If you hear someone singing Eddie Money’s “Two Tickets To Paradise” in the middle of practice, it’s probably him. Or if you’re standing on the sideline minding your own business, he might unexpectedly swoop by to say “Hey” after a play goes out of bounds, then run back onto the field before it’s even possible to process a response.
But now that fellow safety Malcolm Bronson is out for the season, Cahee’s fun-loving natural vociferousness is being transferred into the sound of leadership.
“He was, and probably still is, our leader on the defense,” Cahee said of Bronson. “He’ll be on the sideline from now on for all the games and help all the guys who need help. Like I told them, if all of us can put away the ‘I’s’ for ‘us,’ we’ll be all right. If everybody can focus on the team, we’ll be all right regardless of what happens.”
Bronson’s injury has forced Cahee to be a more versatile player in addition to being a more vocal one. The junior from Westlake has spent time at his natural position of weak safety, Bronson’s vacated free safety spot, and as McNeese’s dime back.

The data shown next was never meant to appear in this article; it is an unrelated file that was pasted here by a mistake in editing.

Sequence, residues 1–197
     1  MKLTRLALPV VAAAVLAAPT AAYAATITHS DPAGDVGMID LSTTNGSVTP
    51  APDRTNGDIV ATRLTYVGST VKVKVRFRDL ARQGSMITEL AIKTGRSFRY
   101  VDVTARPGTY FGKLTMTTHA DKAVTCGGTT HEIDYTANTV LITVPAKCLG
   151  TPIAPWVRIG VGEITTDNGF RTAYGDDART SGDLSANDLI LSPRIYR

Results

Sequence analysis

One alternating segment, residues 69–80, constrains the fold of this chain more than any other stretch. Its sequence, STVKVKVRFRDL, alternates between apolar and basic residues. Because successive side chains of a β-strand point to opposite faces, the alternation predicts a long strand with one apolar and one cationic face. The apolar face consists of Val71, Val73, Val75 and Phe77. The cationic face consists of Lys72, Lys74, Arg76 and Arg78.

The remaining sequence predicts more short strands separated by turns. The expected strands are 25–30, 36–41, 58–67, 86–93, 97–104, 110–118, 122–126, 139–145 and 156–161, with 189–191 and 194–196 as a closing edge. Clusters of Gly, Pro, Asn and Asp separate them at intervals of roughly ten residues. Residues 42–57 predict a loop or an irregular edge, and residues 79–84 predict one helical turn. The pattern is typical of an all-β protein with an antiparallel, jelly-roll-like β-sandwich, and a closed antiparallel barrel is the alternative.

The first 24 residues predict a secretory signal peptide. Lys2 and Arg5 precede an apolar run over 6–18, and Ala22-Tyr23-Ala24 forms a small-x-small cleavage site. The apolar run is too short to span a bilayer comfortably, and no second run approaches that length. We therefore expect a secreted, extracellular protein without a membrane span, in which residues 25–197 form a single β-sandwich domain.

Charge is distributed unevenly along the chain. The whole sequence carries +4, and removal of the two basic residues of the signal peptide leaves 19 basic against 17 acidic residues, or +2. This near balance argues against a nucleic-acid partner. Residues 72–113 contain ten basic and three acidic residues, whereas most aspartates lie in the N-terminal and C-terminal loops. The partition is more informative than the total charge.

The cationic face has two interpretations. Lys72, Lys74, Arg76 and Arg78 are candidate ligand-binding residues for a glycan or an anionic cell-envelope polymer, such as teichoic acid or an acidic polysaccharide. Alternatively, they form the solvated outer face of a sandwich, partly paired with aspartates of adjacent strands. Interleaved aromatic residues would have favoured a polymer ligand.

“I’m really proud of Terrence,” said Cowboys head coach Matt Viator. “He really didn’t come off the field (against Northwestern State) and played three positions plus special teams.”
Cahee said switching safety spots mid-game isn’t a challenge.
“Both free and weak safety are pretty much the same,” Cahee said. “It’s like we run our own defense on our side (of the field) and they run their own defense on theirs. It’s just a few calls that are different.”
As Cahee sees it, everyone in the secondary is capable of doing the same thing.
“Everyone should know the whole defense,” Cahee said. “We pride ourselves on everybody knowing a lot of positions just in case things like this do happen.”
There was even more chaos against Southeastern Louisiana with buck safety Ford Smesny and cornerback Guy Morgan injured during the game, but Cahee said he thinks that crucible will benefit McNeese long term.
“We lost Malcolm. Guy didn’t play the last two games. Ford went out against Southeastern. That’s the bad,” Cahee said. “But then you get guys like Chris Raggett, Gabe Hamner and Aaron Sam to play who just haven’t had the chance to get the experience. So it has its pros and cons. But I think we’re alright. I’m confident. I’ve practiced with these guys since camp and they know what they can do.”